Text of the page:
I've fashioned another solution using the cover bracket on the end of the pump arm (see pics) and with two spacers the pump is bottoming out, one spacer improves flow but pressure is still below specification.

    My theory is that pump arm travel is reduced due to wear on the eccentric causing fuel starvation under load. With the two spacers added the pump is bottoming out, the question is what is the right thickness for the spacers to achieve correct vacuum and pressure?

    I'm guessing but I think the eccentric lift has been reduced to somewhere between 0.36" and 0.235" from 0.485" if each spacer is 0.125" thick. This seems like a lot of wear to me but I don't know if it is.


    The other two solutions as I see them are to pull off the radiator, fan, water pump, timing cover and valve covers and attempt to replace the eccentric. Or move to an electric fuel pump.


    With the spacers I'm concerned about additional wear to the eccentric or potential breakage. I don't know how long the spacers/pump would last and if they wouldn't accelerate the eccentric wear further. I don't relish the thought of tearing apart the the engine and I'm not sure if the cam would not have to be pulled in order to replace the eccentric.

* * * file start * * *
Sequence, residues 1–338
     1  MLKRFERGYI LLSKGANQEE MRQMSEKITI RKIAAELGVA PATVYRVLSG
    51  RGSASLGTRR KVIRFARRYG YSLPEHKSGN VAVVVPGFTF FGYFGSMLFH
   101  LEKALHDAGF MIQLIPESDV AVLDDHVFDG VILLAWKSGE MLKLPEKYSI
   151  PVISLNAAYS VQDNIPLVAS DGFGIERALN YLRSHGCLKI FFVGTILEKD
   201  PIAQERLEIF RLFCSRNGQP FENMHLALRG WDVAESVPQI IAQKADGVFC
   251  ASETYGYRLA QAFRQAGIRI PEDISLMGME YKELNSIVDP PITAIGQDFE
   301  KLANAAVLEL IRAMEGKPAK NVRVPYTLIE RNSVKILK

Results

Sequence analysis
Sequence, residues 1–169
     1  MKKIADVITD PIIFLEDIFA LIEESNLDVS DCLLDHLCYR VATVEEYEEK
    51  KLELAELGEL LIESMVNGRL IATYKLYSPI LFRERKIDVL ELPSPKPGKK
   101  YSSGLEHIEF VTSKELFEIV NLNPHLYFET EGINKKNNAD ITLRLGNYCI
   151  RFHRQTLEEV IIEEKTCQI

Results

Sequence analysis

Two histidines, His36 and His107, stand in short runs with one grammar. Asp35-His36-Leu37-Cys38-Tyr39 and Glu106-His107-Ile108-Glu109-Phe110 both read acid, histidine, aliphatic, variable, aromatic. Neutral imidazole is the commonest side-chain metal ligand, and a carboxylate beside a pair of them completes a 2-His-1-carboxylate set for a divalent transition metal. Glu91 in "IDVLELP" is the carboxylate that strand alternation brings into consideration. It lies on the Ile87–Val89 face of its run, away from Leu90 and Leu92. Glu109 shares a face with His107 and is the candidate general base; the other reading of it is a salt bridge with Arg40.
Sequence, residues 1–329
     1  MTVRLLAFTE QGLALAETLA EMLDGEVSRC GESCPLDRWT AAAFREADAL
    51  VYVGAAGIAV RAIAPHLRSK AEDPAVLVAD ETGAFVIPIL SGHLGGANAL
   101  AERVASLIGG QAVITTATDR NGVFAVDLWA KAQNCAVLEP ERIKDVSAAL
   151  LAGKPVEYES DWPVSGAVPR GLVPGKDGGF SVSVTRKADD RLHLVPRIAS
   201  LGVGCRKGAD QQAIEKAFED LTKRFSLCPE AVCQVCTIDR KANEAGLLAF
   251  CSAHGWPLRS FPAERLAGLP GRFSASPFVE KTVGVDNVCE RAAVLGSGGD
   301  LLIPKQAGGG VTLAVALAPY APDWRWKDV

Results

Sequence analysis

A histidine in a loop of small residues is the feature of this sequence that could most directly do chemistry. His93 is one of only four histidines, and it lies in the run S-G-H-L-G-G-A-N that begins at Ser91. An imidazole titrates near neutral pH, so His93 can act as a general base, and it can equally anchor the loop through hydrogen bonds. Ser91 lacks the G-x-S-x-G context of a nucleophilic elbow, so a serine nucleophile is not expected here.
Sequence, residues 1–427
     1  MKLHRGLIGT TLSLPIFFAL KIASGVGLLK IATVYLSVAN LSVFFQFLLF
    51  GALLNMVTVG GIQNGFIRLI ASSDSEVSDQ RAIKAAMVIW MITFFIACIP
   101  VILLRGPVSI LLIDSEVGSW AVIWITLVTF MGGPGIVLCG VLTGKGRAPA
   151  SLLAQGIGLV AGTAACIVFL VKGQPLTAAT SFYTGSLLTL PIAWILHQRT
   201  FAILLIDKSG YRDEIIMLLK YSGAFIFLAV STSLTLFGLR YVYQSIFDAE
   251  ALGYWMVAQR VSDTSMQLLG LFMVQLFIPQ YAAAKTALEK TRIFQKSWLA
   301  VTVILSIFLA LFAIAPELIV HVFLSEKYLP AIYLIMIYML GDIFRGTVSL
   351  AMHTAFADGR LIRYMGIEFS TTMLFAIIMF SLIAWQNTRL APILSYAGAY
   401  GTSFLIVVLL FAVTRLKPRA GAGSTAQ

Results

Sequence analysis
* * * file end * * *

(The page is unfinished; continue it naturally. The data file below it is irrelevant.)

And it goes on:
Questions: does anyone see any downside to temporarily using the spacer solution? How much work is it to replace the eccentric and does it require a part that is hard to source? Or does it require a new cam?

    Thanks for the advice!!

    Mike Spacer1.jpgspacer2.jpg

  2. #2
    Golden Hawk Member StudeRich's Avatar
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    The spacers will likely over stroke the Pump and damage the Diaphragm.